Before hitting the Arizona’s trails, consider these six tips for safety.
Phoenix police, fire and parks officials met at Piestewa Peak on Tuesday morning to promote hiker safety.
Seventy-seven hikers have been rescued from Phoenix trails this year through March 20. Last year, there were 279 rescues within Phoenix.
Fire Capt. Jake Van Hook said calls for rescue have steadily increased over the past five years.
“We train together, we work together, to be able to do these rescues the way that they have to be done frequently,” Van Hook said. “With the temperatures warming up, and people (here) for spring break and of course for the Final Four, we have lots of visitors … lots of people visiting our parks.”
Sgt. Alan Pfohl, a Phoenix Police Department spokesman, said a lot of the rescue efforts are for out-of-town visitors, but many involve Phoenix residents, as well.
Reasons for rescues include not planning ahead, failure to use available weather apps, not wearing proper footwear or hiking alone, said Pfohl. He added that children who are too young to be hiking difficult trails is also an issue.
“Parents have a responsibility for their children,” Pfohl said. “To bring a child out onto an extremely difficult trail when the child has no experience, or if they think they’re going to carry a small child on a trail, that just adds danger.”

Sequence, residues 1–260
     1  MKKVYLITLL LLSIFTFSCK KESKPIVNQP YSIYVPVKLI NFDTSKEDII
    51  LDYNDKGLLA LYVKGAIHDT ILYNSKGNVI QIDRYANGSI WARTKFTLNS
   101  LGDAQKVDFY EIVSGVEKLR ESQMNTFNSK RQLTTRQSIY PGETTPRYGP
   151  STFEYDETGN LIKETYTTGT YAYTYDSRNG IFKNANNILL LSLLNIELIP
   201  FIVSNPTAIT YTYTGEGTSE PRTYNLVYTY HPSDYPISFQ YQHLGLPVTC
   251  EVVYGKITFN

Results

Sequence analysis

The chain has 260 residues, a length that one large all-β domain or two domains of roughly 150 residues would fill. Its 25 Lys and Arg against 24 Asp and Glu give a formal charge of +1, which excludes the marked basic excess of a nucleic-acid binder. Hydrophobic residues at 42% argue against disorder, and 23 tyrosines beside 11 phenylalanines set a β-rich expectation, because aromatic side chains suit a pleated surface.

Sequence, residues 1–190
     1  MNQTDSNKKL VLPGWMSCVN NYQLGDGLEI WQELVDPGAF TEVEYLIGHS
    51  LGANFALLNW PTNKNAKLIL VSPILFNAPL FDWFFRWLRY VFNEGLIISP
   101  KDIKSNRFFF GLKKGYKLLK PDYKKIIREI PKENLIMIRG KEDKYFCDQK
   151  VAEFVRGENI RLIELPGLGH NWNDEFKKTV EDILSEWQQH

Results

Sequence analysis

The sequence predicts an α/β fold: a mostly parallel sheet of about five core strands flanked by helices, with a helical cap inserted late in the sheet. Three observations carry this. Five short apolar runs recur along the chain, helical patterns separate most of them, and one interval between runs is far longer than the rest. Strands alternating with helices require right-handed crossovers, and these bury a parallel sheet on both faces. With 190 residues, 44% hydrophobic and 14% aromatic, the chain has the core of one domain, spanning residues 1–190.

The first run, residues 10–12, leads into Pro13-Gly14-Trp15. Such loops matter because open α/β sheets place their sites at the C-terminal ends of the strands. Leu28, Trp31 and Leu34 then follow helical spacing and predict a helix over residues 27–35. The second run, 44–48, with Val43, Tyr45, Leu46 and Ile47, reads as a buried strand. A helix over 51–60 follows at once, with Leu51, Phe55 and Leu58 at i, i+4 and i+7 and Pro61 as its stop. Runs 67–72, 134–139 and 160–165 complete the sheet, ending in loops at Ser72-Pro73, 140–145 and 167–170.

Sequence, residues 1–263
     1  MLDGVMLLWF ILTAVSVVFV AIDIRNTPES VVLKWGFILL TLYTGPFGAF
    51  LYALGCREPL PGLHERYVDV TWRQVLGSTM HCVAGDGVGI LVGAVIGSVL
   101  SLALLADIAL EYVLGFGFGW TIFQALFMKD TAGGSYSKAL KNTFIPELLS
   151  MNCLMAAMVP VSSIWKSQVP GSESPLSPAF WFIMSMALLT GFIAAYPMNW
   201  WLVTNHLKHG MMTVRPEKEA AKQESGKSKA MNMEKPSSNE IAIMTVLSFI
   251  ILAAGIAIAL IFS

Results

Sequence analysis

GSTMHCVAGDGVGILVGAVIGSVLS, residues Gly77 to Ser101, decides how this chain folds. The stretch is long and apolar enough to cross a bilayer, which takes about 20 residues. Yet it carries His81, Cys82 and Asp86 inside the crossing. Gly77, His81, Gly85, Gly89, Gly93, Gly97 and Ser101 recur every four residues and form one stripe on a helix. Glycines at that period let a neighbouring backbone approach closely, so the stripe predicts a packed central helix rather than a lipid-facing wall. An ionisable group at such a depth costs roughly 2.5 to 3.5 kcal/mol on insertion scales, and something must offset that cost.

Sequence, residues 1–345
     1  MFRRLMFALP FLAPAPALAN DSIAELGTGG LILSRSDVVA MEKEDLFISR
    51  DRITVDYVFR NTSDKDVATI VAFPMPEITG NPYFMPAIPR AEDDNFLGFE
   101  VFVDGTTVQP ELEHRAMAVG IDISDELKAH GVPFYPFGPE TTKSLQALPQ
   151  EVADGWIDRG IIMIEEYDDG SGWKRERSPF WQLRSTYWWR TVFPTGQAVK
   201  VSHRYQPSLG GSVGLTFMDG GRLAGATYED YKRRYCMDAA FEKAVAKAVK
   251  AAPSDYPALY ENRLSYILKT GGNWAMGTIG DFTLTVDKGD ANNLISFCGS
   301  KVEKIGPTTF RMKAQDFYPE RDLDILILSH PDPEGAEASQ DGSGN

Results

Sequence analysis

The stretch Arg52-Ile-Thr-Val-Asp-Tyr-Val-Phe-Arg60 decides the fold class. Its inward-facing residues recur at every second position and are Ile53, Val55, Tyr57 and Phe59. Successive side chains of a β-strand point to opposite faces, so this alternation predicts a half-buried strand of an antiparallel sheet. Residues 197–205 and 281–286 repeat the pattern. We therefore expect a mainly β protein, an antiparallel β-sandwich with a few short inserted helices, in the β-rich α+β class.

‘Take a Hike, Do It Right’
In an effort to reduce the number of mountain rescues, the Arizona Office of Tourism, the Arizona Lodging and Tourism Association and the City of Phoenix Parks & Recreation Department launched the “Take a Hike, Do It Right” campaign last year to educate visitors about hiking safety, according to the Arizona Office of Tourism website.
“We want to encourage people to come out and enjoy our parks,” said Van Hook, “but we also want them to do it safely.”
Mark Sirota, a park ranger with the city of Phoenix, said the campaign was thought up by rangers, and part of the outreach means educating concierges at Valley hotels and resorts who provide information to guests about things to do.
“It has made a big difference,” Sirota said. “We’re seeing the concierges are giving written material out that’s more accurate, and we also see that people are coming out with more water and a better understanding of the trail they’re about to take.”
Sirota also talked about the danger of bees while hiking, mentioning that a climber on Camelback Mountain died a couple years ago after coming across a swarm of bees, getting stung and then falling.
Sirota said a simple insect hood that is a little less than $2 could save your life. Hikers can put the hood in their bags and put it on later if a swarm of bees comes along, said Sirota.
“We’re working on multiple programs to bring the message to the public so they can have a safe and enjoyable hike,” Sirota said. “And we do that because we truly care. Nobody should be dying over a hike. We want people to take a hike and do it right.”
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